The Anonymous hacking group launched an online strike against government websites in El Salvador last Saturday, forcing several of them to shut down to prevent the theft of high-ranking officials' personal information.
David Rivas, a presidential spokesman, said the website of the presidency was "suspended" to stop the attack and to prevent Anonymous from accessing the "private information of internal and external users."
Part of "Operation Justice El Salvador," Saturday's attack continues the hacktivist group's recent rash of politically motivated cyberattacks against government sites in Israel, including the Mossad and the Israel Defense Forces (IDF), as well as billionaire chief executive officers like Hugh Grant from Monsanto and Walmart CEO Michael Duke.
According to the AFP, Anonymous first threatened two weeks ago to attack Salvadoran government sites, including those belonging to the presidency, the National Civil Police and the ministries of justice and labor. On Nov. 5, the group made good on its promise, launching a denial-of-service attack and flooding the presidency site with at least 30 million hits, making it inaccessible.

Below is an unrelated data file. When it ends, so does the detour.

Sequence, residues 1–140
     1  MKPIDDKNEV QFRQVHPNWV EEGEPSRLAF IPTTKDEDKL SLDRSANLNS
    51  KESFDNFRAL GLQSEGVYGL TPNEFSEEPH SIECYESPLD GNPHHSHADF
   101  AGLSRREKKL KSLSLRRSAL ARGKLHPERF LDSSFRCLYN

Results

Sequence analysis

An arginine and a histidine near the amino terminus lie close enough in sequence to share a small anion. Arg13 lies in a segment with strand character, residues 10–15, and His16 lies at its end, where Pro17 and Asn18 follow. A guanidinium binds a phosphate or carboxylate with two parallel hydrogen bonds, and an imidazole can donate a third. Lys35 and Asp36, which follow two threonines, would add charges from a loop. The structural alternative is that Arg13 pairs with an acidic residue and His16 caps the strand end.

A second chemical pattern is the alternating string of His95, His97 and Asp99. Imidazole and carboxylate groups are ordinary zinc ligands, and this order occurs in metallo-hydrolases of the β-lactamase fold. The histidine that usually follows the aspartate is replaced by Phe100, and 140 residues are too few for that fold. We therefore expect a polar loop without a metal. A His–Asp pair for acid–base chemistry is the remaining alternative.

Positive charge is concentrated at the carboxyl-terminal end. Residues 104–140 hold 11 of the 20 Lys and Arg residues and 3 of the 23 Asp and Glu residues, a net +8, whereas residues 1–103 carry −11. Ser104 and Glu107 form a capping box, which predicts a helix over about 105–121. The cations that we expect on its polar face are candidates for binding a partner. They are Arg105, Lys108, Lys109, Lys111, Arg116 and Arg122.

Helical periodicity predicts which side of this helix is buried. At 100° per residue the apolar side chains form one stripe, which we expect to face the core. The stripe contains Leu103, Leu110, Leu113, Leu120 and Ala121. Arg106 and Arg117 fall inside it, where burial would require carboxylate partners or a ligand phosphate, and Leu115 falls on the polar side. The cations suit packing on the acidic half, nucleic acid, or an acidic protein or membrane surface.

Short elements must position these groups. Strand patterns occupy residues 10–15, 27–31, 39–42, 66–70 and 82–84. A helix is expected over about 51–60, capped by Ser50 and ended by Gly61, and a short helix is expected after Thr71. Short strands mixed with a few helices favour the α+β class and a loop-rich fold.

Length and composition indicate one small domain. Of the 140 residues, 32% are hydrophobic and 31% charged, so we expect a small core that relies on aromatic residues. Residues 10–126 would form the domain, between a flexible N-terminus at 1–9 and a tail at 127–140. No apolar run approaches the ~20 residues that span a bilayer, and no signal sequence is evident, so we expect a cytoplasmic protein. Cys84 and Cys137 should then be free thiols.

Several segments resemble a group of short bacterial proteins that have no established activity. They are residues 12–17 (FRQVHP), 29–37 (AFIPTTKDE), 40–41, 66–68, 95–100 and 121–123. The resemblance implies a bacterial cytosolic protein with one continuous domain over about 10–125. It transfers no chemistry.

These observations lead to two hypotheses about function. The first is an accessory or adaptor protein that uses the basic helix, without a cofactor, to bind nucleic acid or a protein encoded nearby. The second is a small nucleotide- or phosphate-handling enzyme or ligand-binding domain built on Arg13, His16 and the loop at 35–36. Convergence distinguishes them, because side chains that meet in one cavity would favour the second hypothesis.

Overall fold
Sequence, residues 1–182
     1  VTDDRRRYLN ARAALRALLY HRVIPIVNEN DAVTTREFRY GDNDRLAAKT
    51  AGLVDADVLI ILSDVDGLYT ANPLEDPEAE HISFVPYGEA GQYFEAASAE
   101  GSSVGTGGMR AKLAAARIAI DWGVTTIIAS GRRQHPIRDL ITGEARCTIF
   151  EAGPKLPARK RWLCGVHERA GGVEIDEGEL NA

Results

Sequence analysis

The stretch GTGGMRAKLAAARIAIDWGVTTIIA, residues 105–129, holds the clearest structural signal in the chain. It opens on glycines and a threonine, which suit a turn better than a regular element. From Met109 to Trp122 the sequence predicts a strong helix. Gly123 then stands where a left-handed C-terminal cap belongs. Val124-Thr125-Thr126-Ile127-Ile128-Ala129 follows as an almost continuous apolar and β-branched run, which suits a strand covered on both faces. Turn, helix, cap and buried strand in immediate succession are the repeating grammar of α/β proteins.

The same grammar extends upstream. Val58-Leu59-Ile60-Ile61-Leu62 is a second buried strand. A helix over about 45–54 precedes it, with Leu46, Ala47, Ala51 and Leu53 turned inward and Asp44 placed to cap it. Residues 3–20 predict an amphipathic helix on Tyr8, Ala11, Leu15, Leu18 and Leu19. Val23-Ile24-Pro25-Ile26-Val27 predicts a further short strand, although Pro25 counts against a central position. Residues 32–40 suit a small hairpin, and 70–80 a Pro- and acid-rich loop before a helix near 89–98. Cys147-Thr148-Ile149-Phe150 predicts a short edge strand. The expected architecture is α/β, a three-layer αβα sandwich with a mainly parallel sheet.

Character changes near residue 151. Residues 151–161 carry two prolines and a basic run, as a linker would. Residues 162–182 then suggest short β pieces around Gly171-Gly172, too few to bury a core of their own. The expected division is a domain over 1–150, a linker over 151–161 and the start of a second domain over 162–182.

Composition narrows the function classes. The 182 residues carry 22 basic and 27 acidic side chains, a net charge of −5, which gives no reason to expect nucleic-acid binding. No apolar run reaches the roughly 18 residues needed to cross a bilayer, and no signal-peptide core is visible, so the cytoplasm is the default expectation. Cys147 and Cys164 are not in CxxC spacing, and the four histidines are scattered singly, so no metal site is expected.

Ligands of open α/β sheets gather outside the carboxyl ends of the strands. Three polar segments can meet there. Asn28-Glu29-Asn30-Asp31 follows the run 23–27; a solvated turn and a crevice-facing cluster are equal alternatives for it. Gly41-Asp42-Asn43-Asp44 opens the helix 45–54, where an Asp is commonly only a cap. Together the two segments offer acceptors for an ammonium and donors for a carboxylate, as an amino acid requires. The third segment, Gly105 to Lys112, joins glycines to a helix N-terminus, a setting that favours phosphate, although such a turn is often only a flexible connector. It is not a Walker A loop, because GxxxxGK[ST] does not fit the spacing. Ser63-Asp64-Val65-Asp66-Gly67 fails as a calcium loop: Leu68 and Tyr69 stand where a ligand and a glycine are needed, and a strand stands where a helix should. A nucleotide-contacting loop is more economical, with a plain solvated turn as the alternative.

Lisa Vega from the security firm Sophos believes El Salvador's checkered human rights history brought on the Anonymous attack. She cited death threats against journalists, "thousands of killings and disappearances during the country's 12-year armed conflict, an amnesty law that protects those responsible for the killings, and the murder of two environmental activists who opposed mining projects in the central Cabañas area" as potential reasons Anonymous may have chosen to target El Salvador.
However, the Salvadoran civil war ended nearly 20 years ago, and the former leftist guerrilla party now holds the presidency and has a plurality of seats in the national legislature.
Anonymous has a history of going after governments it feels are abusing citizens' rights; in August, the hacking group defaced Syria's Ministry of Defense website to protest controversial President Bashar al-Assad. Government websites in Egypt, Libya, Tunisia, Bahrain and Iran have all felt Anonymous' wrath in recent months.
Latin American members of Anonymous called off a Nov. 5 plan to expose people associated with the Zetas, Mexico's most violent drug cartel, according to the group's blog.
In a post written in Spanish on the group's Latin American blog, the members said they had called off the action after the Zetas met a demand to release a kidnapped group member, and that: "We can say that, while bruised, he is alive and well."
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Reuters also contributed to this report.
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